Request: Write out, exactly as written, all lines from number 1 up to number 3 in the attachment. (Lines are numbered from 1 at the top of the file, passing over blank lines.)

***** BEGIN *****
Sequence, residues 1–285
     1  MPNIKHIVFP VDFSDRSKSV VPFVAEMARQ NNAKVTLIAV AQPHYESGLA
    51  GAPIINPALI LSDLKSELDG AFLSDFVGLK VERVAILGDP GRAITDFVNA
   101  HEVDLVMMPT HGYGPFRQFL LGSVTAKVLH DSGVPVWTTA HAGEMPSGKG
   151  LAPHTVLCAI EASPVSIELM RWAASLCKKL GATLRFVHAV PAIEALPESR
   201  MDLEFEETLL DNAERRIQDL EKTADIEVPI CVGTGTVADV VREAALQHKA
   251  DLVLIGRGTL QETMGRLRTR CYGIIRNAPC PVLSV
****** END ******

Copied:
Sequence, residues 1–285
     1  MPNIKHIVFP VDFSDRSKSV VPFVAEMARQ NNAKVTLIAV AQPHYESGLA
    51  GAPIINPALI LSDLKSELDG AFLSDFVGLK VERVAILGDP GRAITDFVNA